Minister of Culture Josette Darguste recently went to Léogâne where she had an important meeting with the Union of Rara of Léogâne (URAL) and the Organizing Committee of this national cultural festival, which corresponds to Lent and Easter. This year, Léogâne will receive special financial support for the continuation and preservation of its traditional Rara festivities as well as greater visibility.
This year, the Léogânais celebrate thier Rara under the theme “Rebwazman se zafè rara.” The Martelly / Lamothe government has decided to give the festivities greater visibility, a sign of a commitment for this dynamic festival [in the] development of the identity of Haiti. [. . .]
Accompanied by the Director General of the Ministry, of members of his personal office, of Adviser to the President of the Republic, Albert Chancy [et al were welcomed by] members of the Organizing Committee and those of the URAL to the sound of drums, bamboo and wind line of group “Rara Modèle d’Haïti”. Paul Allande, member of the Committee, summarized historically the Rara cultural phenomenon that dates back to pre-Columbian times. Rara, according to him, is nothing other than the continuation [. . .] to honor our consciousness [as Haitian] people, of the festive rites practiced in the chieftainship of the Indian Queen Anacaona [. . .].
The mayor of the municipality [. . .] explained that the theme “rebwazman se zafè rara” found its justification in the fight for the recovery of the Environment [. . .] stressing that President Martelly had requested government teams involved in the implementation of these activities, special attention for the Rara bands that perform with instruments made with waste or natural elements (bamboo, vaccinia, cornet, graj).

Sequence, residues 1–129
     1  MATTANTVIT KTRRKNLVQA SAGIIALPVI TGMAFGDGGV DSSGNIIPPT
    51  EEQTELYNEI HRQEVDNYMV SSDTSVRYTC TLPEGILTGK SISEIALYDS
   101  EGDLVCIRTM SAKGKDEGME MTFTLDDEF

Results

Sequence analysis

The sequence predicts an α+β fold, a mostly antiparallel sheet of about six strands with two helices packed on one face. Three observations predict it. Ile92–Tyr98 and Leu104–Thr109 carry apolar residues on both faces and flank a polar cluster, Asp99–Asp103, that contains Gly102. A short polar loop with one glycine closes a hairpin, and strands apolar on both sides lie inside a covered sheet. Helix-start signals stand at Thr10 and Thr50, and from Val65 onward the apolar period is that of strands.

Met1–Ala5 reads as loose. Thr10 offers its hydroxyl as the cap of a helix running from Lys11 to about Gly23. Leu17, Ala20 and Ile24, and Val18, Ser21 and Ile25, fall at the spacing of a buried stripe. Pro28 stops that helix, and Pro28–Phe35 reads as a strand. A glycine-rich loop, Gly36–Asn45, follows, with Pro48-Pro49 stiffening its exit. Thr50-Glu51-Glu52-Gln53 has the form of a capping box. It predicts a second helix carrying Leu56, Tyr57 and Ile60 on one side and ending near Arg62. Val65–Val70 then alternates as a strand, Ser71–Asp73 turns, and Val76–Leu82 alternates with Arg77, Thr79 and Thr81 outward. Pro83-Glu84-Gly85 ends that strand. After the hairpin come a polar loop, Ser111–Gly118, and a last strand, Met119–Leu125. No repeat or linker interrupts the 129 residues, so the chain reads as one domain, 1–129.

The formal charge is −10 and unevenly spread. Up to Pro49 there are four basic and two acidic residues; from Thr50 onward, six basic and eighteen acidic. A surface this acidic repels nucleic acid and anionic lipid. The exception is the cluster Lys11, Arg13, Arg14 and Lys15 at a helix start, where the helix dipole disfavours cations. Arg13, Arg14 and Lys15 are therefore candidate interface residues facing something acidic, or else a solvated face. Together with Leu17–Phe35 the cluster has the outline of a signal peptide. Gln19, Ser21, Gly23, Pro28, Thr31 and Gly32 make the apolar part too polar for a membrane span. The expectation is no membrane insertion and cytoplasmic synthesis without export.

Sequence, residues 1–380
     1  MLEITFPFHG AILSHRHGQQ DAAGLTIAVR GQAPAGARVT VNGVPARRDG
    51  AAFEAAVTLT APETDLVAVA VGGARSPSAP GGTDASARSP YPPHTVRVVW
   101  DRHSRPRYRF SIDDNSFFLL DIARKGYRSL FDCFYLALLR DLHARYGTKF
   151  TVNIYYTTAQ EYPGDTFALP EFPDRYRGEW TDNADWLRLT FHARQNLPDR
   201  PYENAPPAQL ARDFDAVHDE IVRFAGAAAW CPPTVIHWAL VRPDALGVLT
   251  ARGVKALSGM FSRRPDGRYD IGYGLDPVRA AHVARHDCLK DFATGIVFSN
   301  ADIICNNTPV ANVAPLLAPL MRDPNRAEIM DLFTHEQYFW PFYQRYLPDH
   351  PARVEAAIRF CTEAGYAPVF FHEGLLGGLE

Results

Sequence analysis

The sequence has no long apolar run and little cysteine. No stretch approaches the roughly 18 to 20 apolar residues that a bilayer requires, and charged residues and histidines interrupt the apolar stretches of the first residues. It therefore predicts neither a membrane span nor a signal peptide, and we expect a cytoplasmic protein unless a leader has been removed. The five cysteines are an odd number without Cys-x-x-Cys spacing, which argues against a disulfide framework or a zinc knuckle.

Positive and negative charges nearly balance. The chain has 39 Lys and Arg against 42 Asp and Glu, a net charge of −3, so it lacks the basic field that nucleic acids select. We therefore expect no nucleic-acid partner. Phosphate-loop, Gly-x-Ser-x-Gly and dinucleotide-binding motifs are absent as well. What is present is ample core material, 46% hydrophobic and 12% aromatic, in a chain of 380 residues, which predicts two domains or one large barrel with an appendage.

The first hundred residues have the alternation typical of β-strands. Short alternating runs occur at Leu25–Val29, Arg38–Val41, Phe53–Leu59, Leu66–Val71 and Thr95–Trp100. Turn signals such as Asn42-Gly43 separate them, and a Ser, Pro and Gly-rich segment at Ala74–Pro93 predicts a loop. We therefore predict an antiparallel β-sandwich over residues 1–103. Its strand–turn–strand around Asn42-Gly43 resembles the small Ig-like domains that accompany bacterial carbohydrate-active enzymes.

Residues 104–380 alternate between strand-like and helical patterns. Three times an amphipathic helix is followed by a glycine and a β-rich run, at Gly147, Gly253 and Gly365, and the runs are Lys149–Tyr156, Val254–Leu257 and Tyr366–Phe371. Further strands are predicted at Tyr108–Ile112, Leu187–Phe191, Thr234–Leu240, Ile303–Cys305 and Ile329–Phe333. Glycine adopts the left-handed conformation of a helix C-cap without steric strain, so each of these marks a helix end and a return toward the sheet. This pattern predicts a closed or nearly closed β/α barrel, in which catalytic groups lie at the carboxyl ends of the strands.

Minister Darguste strongly deplored the introduction of wind instruments in the Rara music (trumpet, trombone, saxophone), [saying that] “The Haitian people must ensure its cultural survival” and inviting groups to exhibit—during parades, costumes, and rituals of Rara—traditional [ways and instruments] for a better expression of the Haitian culture. [. . .] The neighborhood Trouin (attached to the town of Léogâne), who jealously guarded the traditional flavor of Rara will receive dignified treatment of this effort, following the instructions of President Martelly. Repair work is underway on the roadway of the High Street to allow good circulation of processions and crowds whose safety will be ensured by agents of the National Police.
The Minister insisted that the visibility given to Léogâne this year did not mean the sidelining of other localities and regions with more or less strong tradition Rara. It is, according to her, an opportunity offered to Léogâne to sell themselves under the colors of the specificities of its Rara and its unique qualities.
For original article, see http://www.haitilibre.com/en/news-8189-haiti-culture-cap-on-the-rara-festivities-in-leogane.html
See photo above (and an in-depth article about Rara, in French) at http://www.radiotelevisioncaraibes.com/nouvelles/haiti/lorsque_tombent_les_masques_du_rara.html